Like this site? Help us to make it better.


New Specialized S-Works Torch Lace road shoes "will increase average TT power by seven watts"

There are some very boastful claims behind these new £300 lace-up kicks from Specialized, including a 28-second saving on your next 10km time trial compared to using "traditional cycling shoes". So, what's new?

Specialized has added a lace-up road cycling shoe to its S-Works Torch range featuring Body Geometry. Unlike most lace-up shoes, these ones forgo more classic styling and are all about speed, offering "an unprecedented level of efficiency, lightweight, and comfort" and even time trial PBs, claims Specialized. They will also set you back £300. 

Specialized has a top tier of products that it calls S-Works, applying this to helmets, shoes, bikes and pretty much everything else that it makes. Generally S-Works products are the lightest, stiffest and fastest items in the range, and most likely to drain your bank account too...

The Torch range starts at £99.99 and goes up to £385 for Specialized S-Works Torch Road Shoes with BOA dials.

2023 Specialized S-Works Torch lace up white


> Review: Specialized S-Works Torch road shoes

Like all of Specialized's shoes, the S-Works Lace feature Body Geometry which is said to improve comfort, performance and reduce the chance of injury. 

With this comes some big claims, and Specialized says that Body Geometry shoes increase average time trial power by seven watts, and could reduce a 10km TT time by a huge 28 seconds, compared to riding the same TT in traditional cycling shoes. We're unsure what Specialized considers a traditional cycling shoe, but it goes without saying that we can't verify these claims at the time of writing...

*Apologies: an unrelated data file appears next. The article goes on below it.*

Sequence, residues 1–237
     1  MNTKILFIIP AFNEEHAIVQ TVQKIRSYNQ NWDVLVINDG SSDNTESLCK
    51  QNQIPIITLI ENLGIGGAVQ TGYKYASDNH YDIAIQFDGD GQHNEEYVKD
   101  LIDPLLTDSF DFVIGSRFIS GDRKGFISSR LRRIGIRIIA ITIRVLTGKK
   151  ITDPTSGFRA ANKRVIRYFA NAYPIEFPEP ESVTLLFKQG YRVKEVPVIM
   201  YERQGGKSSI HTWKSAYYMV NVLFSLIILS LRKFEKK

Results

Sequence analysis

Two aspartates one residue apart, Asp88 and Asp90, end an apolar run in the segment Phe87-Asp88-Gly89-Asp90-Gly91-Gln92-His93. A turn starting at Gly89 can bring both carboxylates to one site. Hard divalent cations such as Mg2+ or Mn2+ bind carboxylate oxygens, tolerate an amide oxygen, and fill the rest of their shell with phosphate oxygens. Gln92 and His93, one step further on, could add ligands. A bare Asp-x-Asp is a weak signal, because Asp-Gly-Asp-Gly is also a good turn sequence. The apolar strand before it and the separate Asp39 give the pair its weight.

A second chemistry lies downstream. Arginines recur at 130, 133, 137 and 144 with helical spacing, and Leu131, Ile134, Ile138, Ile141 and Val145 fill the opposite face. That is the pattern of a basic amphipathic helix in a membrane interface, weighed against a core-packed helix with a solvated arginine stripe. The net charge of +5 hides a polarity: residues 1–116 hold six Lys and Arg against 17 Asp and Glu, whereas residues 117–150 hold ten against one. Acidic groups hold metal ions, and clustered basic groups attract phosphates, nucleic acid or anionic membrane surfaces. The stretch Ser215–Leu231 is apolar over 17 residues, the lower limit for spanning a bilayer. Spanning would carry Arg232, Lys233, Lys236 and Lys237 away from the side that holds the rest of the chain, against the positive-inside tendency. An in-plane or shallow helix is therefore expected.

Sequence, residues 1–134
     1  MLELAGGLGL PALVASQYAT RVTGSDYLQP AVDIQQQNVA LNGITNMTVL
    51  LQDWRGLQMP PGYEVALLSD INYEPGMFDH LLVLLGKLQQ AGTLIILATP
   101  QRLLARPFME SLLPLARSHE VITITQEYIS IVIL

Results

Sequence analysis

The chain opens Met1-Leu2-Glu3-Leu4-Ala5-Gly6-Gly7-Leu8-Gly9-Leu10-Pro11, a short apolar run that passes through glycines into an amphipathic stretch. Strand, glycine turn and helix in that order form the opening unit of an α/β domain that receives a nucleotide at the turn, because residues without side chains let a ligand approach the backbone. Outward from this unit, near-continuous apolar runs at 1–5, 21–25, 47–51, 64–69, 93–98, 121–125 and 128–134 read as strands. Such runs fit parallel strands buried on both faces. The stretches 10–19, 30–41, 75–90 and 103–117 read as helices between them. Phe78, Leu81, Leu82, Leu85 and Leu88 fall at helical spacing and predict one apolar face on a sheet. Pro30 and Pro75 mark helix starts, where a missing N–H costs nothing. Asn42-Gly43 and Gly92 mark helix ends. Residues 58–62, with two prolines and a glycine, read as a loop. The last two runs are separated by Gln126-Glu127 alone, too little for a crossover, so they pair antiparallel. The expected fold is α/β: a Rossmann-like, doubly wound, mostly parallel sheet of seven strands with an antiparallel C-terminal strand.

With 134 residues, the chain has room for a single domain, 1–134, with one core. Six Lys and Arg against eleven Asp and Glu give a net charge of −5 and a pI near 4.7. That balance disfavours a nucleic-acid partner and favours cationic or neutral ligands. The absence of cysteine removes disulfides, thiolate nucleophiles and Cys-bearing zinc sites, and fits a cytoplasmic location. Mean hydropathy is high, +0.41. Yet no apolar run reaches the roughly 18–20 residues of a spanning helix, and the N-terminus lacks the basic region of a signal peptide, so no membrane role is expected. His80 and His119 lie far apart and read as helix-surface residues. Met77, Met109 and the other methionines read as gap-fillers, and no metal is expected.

2023 Specialized S-Works Torch lace sole

Moving on to the sole of the shoes, and they're pretty much the same design as the standard Specialized S-Works Torch Road Shoes with BOA dials. The carbon base plates are 4mm wider at the ball of the foot than the S-Works 7 shoes. 

The carbon outsole has an internal I-beam for extra stiffness and a Varus Wedge, which is has 1.5mm outward tilt to the outsole. Specialized claims the Varus Wedge stabilises the forefoot during the pedal stroke and helps align the ankle, knee, and hip. 

There is also an assymetrical heel cup, which is said to accomodate the achillies in order to increase comfort. Looking at the fit data, it's a roomier design than the S-Works 7 shoes, so it may suit riders who found the heel cup to be too tight on the S-Works 7.

2023 Specialized S-Works Torch lace black

> Review: Specialized S-Works 7 Road Shoes

If you’re familiar with Specialized shoes and have heard of the Varus Wedge before, then you'll also have heard of the Metatarsal Button and Longitudinal Arch. 

The Metatarsal Button is a small lump that sits under your foot, and its job is to spread your metatarsal bones in the forefoot. Specialized says this prevents them impininging nerves and compressing arteries. 

The shoes also get the Longitudinal Arch, which is essentially arch support that is built into the outsole. 

2023 Specialized S-Works Torch lace navy